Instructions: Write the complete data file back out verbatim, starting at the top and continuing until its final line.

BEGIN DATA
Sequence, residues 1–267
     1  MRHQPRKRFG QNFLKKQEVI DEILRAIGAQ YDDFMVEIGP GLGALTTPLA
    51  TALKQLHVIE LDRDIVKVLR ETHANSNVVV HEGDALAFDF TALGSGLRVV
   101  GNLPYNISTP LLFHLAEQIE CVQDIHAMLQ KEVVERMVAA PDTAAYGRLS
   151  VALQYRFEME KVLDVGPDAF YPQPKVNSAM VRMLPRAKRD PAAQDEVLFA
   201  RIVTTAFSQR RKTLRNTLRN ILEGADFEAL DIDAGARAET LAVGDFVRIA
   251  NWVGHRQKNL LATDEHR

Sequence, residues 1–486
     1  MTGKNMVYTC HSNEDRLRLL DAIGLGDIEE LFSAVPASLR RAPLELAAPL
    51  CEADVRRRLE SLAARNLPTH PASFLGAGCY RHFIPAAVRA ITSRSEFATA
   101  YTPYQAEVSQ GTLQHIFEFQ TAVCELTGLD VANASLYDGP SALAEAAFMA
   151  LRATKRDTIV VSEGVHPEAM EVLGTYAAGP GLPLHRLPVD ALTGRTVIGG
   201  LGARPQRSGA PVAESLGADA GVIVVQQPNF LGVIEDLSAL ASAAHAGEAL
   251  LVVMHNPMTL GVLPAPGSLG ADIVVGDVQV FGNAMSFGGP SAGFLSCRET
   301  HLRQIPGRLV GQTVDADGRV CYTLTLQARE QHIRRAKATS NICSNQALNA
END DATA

Sequence, residues 1–267
     1  MRHQPRKRFG QNFLKKQEVI DEILRAIGAQ YDDFMVEIGP GLGALTTPLA
    51  TALKQLHVIE LDRDIVKVLR ETHANSNVVV HEGDALAFDF TALGSGLRVV
   101  GNLPYNISTP LLFHLAEQIE CVQDIHAMLQ KEVVERMVAA PDTAAYGRLS
   151  VALQYRFEME KVLDVGPDAF YPQPKVNSAM VRMLPRAKRD PAAQDEVLFA
   201  RIVTTAFSQR RKTLRNTLRN ILEGADFEAL DIDAGARAET LAVGDFVRIA
   251  NWVGHRQKNL LATDEHR

Sequence, residues 1–486
     1  MTGKNMVYTC HSNEDRLRLL DAIGLGDIEE LFSAVPASLR RAPLELAAPL
    51  CEADVRRRLE SLAARNLPTH PASFLGAGCY RHFIPAAVRA ITSRSEFATA
   101  YTPYQAEVSQ GTLQHIFEFQ TAVCELTGLD VANASLYDGP SALAEAAFMA
   151  LRATKRDTIV VSEGVHPEAM EVLGTYAAGP GLPLHRLPVD ALTGRTVIGG
   201  LGARPQRSGA PVAESLGADA GVIVVQQPNF LGVIEDLSAL ASAAHAGEAL
   251  LVVMHNPMTL GVLPAPGSLG ADIVVGDVQV FGNAMSFGGP SAGFLSCRET
   301  HLRQIPGRLV GQTVDADGRV CYTLTLQARE QHIRRAKATS NICSNQALNA